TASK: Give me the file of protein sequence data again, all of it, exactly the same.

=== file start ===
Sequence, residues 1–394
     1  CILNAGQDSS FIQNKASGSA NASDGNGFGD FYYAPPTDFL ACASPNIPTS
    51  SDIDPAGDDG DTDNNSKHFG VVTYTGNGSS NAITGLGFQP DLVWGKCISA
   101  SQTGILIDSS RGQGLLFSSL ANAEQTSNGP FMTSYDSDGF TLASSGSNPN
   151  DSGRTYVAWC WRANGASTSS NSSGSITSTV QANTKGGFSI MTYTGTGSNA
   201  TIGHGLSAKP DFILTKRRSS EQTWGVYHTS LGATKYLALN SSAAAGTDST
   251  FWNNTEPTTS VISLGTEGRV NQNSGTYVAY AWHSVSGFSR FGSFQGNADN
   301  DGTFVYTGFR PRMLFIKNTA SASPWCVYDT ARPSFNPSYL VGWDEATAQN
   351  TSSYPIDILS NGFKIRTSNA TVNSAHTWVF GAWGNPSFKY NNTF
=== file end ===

Sequence, residues 1–394
     1  CILNAGQDSS FIQNKASGSA NASDGNGFGD FYYAPPTDFL ACASPNIPTS
    51  SDIDPAGDDG DTDNNSKHFG VVTYTGNGSS NAITGLGFQP DLVWGKCISA
   101  SQTGILIDSS RGQGLLFSSL ANAEQTSNGP FMTSYDSDGF TLASSGSNPN
   151  DSGRTYVAWC WRANGASTSS NSSGSITSTV QANTKGGFSI MTYTGTGSNA
   201  TIGHGLSAKP DFILTKRRSS EQTWGVYHTS LGATKYLALN SSAAAGTDST
   251  FWNNTEPTTS VISLGTEGRV NQNSGTYVAY AWHSVSGFSR FGSFQGNADN
   301  DGTFVYTGFR PRMLFIKNTA SASPWCVYDT ARPSFNPSYL VGWDEATAQN
   351  TSSYPIDILS NGFKIRTSNA TVNSAHTWVF GAWGNPSFKY NNTF